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New York by James Fenimore Cooper

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italics have been transcribed in ALL CAPITALS. Annotations
(identified by {curly} brackets, have been occasionally
added--identifying allusions, translating foreign terms, and
correcting a few obvious typographical errors.

{Introduction from "The Spirit of the Fair" (April 5, 1864):

{Unpublished MS. of James Fenimore Cooper.

{Our national novelist died in the autumn of 1850 [sic]; previous
to his fatal illness he was engaged upon a historical work, to be
entitled "The Men [sic] of Manhattan," only the Introduction to
which had been sent to the press: the printing office was
destroyed by fire, and with it the opening chapters of this work;
fortunately a few pages had been set up, and the impression sent
to a literary gentleman, then editor of a popular critical
journal, and were thus saved from destruction: to him we are
indebted for the posthumous articles of Cooper, wherewith, by a
coincidence as remarkable as it is auspicious, we now enrich our
columns with a contribution from the American pioneer in letters.
In discussing the growth of New York and speculating on her
future destiny, the patriotic and sagacious author seems to have
anticipated the terrible crisis through which the nation is now
passing; there is a prescience in the views he expresses, which
is all the more impressive inasmuch as they are uttered by a
voice now silenced for ever. They have a solemn interest, and
were inspired by a genuine sympathy in the progress and
prosperity of the nation. It should be remembered that, when
these observations were written, the public mind had been and was
still highly excited by the "Compromise Measures"--the last vain
expedient to propitiate the traitors who have since filled the
land with the horrors of civil war.}


THE increase of the towns of Manhattan, as, for the sake of
convenience, we shall term New York and her adjuncts, in all that
contributes to the importance of a great commercial mart, renders
them one of the most remarkable places of the present age. Within
the distinct recollections of living men, they have grown from a
city of the fifth or sixth class to be near the head of all the
purely trading places of the known world. That there are
sufficient causes for this unparalleled prosperity, will appear
in the analysis of the natural advantages of the port, in its
position, security, accessories, and scale.

The State of New York had been steadily advancing in population,
resources, and power, ever since the peace of 1785. At that time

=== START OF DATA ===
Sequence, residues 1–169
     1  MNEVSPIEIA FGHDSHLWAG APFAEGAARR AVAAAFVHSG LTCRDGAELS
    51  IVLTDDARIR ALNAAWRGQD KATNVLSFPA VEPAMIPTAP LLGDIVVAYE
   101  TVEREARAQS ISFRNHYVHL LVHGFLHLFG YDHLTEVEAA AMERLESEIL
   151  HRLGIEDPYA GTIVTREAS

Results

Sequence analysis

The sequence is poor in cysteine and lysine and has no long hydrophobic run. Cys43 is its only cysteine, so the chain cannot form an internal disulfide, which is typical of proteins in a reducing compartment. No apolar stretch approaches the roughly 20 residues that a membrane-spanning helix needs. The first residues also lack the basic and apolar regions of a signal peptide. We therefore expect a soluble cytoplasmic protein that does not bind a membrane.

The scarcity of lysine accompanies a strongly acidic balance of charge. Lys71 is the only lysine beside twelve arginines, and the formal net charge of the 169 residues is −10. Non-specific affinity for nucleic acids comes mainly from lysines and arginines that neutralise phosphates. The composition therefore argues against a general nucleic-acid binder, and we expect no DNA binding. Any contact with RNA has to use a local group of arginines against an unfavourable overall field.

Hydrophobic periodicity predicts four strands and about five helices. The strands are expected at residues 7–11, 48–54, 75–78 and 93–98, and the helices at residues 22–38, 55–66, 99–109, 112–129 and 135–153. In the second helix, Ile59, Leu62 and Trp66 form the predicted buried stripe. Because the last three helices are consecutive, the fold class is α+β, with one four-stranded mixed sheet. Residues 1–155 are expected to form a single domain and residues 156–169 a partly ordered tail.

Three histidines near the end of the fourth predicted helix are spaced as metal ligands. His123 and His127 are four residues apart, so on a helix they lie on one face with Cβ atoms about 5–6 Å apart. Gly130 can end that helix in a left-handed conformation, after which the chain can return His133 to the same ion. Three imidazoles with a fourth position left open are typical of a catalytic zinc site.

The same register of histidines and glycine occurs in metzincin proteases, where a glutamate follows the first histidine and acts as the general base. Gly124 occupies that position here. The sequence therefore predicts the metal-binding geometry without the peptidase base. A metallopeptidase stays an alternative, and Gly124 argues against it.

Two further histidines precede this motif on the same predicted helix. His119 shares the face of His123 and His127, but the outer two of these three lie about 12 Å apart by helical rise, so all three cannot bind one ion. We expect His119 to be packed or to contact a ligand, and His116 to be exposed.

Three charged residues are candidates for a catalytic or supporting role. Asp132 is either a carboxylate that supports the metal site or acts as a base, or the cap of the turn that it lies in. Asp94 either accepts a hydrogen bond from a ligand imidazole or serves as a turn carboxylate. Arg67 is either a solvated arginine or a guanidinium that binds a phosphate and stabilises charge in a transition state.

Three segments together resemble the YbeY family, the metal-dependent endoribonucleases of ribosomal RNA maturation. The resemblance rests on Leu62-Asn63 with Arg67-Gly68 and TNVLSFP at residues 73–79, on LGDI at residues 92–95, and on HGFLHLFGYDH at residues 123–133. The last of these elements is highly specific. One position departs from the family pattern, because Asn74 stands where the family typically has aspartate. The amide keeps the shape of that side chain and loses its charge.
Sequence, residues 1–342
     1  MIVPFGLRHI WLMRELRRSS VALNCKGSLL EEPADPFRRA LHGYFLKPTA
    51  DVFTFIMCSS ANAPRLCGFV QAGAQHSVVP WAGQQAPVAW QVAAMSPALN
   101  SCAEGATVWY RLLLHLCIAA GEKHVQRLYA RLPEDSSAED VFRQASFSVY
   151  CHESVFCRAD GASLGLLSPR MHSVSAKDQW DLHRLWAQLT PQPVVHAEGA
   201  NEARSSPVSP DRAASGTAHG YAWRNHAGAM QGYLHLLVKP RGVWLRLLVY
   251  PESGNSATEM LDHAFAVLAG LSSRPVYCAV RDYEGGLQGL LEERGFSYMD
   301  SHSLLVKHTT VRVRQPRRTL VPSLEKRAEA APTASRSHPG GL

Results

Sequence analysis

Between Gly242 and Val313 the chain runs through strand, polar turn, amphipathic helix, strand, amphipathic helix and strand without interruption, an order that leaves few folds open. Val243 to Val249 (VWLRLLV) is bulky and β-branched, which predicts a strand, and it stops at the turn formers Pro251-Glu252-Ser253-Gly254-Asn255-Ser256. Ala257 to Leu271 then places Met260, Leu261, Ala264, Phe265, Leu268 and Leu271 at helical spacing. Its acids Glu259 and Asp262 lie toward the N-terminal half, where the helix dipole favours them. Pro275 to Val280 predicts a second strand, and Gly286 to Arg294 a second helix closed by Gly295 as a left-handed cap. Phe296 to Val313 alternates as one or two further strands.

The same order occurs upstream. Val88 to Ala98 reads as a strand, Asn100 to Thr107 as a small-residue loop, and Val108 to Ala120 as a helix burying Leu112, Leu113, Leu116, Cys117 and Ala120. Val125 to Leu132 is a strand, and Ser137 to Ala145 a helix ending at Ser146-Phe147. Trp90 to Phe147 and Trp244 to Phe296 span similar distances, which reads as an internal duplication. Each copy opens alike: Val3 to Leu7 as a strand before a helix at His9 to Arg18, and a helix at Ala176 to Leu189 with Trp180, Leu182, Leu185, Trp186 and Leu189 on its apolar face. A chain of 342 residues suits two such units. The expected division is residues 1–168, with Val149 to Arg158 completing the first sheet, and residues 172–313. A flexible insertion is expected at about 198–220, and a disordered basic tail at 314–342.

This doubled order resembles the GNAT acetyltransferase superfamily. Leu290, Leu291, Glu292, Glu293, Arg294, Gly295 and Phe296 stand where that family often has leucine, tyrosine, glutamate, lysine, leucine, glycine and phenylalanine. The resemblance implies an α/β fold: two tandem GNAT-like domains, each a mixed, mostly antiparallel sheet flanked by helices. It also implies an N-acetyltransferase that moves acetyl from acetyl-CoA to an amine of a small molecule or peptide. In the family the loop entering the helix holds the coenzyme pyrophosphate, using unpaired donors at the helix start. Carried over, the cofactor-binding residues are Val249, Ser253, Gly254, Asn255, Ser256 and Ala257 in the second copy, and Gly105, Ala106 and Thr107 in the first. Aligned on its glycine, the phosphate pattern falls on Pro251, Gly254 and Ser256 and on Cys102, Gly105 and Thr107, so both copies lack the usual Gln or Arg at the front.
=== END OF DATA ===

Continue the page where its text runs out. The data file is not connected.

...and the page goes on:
it bore but a secondary rank among what were then considered the
great States of the Confederacy. Massachusetts, proper and
singly, then outnumbered us, while New England, collectively,
must have had some six or seven times our people. A very few
years of peace, however, brought material changes. In 1790, the
year in which the first census under the law of Congress was
taken, the State already contained 340,120 souls, while New
England had a few more than a million. It is worthy of remark
that, sixty years since, the entire State had but little more
than half of the population of the Manhattanese towns at the
present moment! Each succeeding census diminished these
proportions, until that of l830, when the return for the State of
New York gave 1,372,812, and for New England 1,954,709. At this
time, and for a considerable period preceding and succeeding it,
it was found that the proportion between the people of the State
of New York and the people of the city, was about as ten to one.
Between 1830 and 1840, the former had so far increased in numbers
as to possess as many people as ALL New England. In the next
decade, this proportion was exceeded; and the late returns show
that New York, singly, has passed ahead of all her enterprising
neighbors in that section of the Union. At the same time, the old
proportion between the State and the town--or, to be more
accurate, the TOWNS on the Bay of New York and its waters--has
been entirely lost, five to one being near the truth at the
present moment. It is easy to foresee that the time is not very
distant when two to one will be maintained with difficulty, as
between the State and its commercial capital.

Bold as the foregoing prediction may seem, the facts of the last
half century will, we think, justify it. If the Manhattan towns,
or Manhattan, as we shall not scruple to term the several places
that compose the prosperous sisterhood at the mouth of the
Hudson--a name that is more ancient and better adapted to the
history, associations, and convenience of the place than any
other--continue to prosper as they have done, ere the close of
the present century they will take their station among the
capitals of the first rank. It may require a longer period to
collect the accessories of a first-class place, for these are the
products of time and cultivation; though the facilities of
intercourse, the spirit of the age, and the equalizing sentiment